The Occupational Safety and Health Administration's (OSHA's) Bloodborne Pathogens regulation specifies masks in combination with eye protection devices, such as goggles or glasses with solid side shields, or chin-length face shields, are to be worn whenever splashes, sprays, spatters, or droplets of blood or other potentially infectious materials may be generated and eye, nose, or mouth contamination can be reasonably anticipated. (29 CFR 1910.1030(d)(3)(x)).

The FDA clears surgical masks (e.g., laser masks or procedure masks) as medical devices, [c] in that they are intended to prevent disease. They protect healthcare workers from splashes, sprays, spatters, and droplets of respiratory secretions, blood and other body fluids. The FDA may issue a premarket clearance as a medical device only for certain NIOSH-approved N95 filtering facepiece respirators (FFRs) assessed for clearance characteristics equivalent to FDA-cleared masks that are used in the healthcare setting. Currently, the only medical device classification that can be applied to a NIOSH-approved respirator is that of a Surgical N95 Respirator.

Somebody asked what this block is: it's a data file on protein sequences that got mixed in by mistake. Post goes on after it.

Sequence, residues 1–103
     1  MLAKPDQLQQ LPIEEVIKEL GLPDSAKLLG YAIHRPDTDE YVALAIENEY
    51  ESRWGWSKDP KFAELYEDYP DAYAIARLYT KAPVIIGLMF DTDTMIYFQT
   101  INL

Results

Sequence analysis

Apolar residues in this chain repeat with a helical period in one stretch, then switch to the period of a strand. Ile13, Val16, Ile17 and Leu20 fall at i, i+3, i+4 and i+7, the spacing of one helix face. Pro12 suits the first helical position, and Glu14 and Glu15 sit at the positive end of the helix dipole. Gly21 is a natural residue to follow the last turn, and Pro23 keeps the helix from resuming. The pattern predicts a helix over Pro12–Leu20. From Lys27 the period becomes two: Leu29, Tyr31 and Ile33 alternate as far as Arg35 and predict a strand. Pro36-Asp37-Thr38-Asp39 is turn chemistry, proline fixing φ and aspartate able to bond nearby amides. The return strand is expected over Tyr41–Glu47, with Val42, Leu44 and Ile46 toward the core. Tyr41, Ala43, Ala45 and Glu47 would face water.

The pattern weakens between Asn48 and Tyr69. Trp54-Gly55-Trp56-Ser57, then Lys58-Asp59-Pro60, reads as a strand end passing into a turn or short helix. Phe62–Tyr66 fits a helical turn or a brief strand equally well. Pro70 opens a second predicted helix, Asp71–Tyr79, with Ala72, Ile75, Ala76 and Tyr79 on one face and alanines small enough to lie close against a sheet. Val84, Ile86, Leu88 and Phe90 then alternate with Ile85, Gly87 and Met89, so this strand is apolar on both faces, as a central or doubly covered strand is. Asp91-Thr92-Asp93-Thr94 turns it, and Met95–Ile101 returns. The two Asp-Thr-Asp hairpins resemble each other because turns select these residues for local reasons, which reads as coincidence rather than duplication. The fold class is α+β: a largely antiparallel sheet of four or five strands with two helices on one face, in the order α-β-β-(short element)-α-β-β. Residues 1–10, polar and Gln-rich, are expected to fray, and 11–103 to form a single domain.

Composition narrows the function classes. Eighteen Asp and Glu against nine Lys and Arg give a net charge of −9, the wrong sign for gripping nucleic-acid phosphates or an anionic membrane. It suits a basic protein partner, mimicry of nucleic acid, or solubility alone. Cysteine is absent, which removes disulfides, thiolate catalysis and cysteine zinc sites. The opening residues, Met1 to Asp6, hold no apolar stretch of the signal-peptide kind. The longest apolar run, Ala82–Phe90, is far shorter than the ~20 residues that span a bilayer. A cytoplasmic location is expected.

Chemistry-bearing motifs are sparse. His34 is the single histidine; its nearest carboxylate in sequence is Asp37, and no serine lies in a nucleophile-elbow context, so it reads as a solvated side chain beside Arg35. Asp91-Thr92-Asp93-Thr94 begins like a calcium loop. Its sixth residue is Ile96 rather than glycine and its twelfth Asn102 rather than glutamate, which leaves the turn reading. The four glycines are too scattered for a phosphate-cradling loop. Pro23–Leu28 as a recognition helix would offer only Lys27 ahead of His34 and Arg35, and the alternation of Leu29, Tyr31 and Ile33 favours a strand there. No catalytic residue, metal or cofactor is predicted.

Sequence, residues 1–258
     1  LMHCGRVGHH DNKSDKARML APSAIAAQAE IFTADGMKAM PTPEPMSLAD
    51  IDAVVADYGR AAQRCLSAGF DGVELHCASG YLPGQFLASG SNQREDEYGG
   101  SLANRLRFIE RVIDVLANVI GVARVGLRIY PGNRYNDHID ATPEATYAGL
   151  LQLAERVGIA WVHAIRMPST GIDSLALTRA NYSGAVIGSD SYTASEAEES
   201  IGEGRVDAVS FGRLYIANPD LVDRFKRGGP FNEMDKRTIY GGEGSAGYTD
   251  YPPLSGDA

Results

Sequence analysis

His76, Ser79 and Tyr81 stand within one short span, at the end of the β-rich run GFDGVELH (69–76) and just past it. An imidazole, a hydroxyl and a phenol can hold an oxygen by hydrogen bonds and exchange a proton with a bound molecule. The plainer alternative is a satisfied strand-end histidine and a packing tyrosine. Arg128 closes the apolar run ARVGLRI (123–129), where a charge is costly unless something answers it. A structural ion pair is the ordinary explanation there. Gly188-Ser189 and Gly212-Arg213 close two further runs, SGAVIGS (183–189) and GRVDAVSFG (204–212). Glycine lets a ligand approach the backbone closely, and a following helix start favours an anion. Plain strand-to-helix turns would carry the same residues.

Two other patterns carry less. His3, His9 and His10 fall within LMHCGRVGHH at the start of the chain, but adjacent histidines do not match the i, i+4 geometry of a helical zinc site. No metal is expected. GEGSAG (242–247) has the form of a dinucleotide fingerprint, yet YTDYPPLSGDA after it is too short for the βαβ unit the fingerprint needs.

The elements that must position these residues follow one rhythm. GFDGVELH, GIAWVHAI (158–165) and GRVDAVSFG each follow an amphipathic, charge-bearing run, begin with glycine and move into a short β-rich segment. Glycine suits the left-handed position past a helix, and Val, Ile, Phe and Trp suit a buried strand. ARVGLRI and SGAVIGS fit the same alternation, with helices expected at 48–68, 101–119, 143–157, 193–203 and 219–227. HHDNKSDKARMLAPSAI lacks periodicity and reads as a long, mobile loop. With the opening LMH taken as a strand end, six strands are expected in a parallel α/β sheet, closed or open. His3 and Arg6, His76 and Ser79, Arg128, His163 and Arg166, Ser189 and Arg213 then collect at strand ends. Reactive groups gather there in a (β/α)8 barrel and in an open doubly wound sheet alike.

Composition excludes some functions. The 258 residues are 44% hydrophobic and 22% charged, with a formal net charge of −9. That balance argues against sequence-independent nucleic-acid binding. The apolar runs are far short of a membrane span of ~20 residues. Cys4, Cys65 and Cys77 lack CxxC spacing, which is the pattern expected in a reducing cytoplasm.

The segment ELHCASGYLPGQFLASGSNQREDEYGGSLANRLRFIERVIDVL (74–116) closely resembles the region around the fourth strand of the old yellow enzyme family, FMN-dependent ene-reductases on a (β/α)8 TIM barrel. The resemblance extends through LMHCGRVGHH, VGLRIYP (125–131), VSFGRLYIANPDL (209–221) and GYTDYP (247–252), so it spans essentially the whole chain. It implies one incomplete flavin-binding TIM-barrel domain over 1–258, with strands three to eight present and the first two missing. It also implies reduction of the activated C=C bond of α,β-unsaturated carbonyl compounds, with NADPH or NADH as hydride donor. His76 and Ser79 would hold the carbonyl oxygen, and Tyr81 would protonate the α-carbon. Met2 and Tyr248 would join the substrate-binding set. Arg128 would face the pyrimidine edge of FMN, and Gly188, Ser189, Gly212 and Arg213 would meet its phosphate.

FDA regulates NIOSH-approved Surgical N95 Respirators as medical devices intended for use in healthcare settings under the regulation 21 CFR 878.4040. OSHA has the primary responsibility for enforcing proper use of RPDs in the workplace, including healthcare settings, as described in the Respiratory Protection standard (29 CFR 1910.134). According to section 1910.134, where respirators are required, they must be NIOSH-approved and used as part of a respiratory protection program which includes medical evaluation, training, and fit testing (when applicable). OSHA does not require RPDs used in a healthcare setting to be cleared by the FDA. Many RPDs used in healthcare settings have not been submitted by industry for FDA premarket clearance, and therefore have not been FDA-cleared as medical devices.